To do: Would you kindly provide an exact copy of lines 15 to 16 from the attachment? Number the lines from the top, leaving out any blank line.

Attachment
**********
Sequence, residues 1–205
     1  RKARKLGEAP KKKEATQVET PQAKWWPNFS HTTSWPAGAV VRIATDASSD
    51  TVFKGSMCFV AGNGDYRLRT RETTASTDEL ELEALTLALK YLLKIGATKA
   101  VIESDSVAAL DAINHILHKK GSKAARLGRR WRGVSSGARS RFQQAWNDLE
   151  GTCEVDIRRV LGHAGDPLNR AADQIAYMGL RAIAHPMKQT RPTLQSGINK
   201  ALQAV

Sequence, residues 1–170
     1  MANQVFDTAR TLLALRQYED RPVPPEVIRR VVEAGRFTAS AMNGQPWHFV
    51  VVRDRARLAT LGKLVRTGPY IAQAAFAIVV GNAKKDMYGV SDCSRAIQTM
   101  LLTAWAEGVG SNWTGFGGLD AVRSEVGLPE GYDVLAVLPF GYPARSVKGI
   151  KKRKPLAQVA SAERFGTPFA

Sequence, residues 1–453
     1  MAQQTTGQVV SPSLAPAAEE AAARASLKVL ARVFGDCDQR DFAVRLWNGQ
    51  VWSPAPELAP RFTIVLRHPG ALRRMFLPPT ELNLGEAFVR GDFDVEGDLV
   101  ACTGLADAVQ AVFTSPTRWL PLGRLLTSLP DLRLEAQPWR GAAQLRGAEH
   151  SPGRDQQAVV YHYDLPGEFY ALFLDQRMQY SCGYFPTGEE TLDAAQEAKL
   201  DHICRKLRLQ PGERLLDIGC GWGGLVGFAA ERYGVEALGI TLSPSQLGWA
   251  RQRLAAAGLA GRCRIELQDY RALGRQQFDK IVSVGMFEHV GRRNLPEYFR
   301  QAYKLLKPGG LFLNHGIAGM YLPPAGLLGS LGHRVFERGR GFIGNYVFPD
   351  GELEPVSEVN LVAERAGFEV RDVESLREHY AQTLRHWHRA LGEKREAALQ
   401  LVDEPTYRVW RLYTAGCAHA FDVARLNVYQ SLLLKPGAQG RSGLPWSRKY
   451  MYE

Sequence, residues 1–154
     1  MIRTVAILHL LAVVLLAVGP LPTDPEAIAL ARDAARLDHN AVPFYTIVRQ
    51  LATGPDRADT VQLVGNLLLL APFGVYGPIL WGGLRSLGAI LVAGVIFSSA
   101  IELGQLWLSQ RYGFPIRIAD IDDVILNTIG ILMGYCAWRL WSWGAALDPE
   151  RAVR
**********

   101  ACTGLADAVQ AVFTSPTRWL PLGRLLTSLP DLRLEAQPWR GAAQLRGAEH
   151  SPGRDQQAVV YHYDLPGEFY ALFLDQRMQY SCGYFPTGEE TLDAAQEAKL